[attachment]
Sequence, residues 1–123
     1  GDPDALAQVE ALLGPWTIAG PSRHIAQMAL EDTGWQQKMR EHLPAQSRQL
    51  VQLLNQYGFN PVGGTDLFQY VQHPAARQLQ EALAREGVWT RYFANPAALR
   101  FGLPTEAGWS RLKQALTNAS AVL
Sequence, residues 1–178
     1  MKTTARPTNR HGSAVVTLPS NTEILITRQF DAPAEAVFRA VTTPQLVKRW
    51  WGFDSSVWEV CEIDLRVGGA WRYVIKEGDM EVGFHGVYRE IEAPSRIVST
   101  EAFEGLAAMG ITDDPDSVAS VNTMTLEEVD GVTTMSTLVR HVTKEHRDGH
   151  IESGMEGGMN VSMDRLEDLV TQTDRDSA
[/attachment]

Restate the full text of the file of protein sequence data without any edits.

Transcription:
Sequence, residues 1–123
     1  GDPDALAQVE ALLGPWTIAG PSRHIAQMAL EDTGWQQKMR EHLPAQSRQL
    51  VQLLNQYGFN PVGGTDLFQY VQHPAARQLQ EALAREGVWT RYFANPAALR
   101  FGLPTEAGWS RLKQALTNAS AVL
Sequence, residues 1–178
     1  MKTTARPTNR HGSAVVTLPS NTEILITRQF DAPAEAVFRA VTTPQLVKRW
    51  WGFDSSVWEV CEIDLRVGGA WRYVIKEGDM EVGFHGVYRE IEAPSRIVST
   101  EAFEGLAAMG ITDDPDSVAS VNTMTLEEVD GVTTMSTLVR HVTKEHRDGH
   151  IESGMEGGMN VSMDRLEDLV TQTDRDSA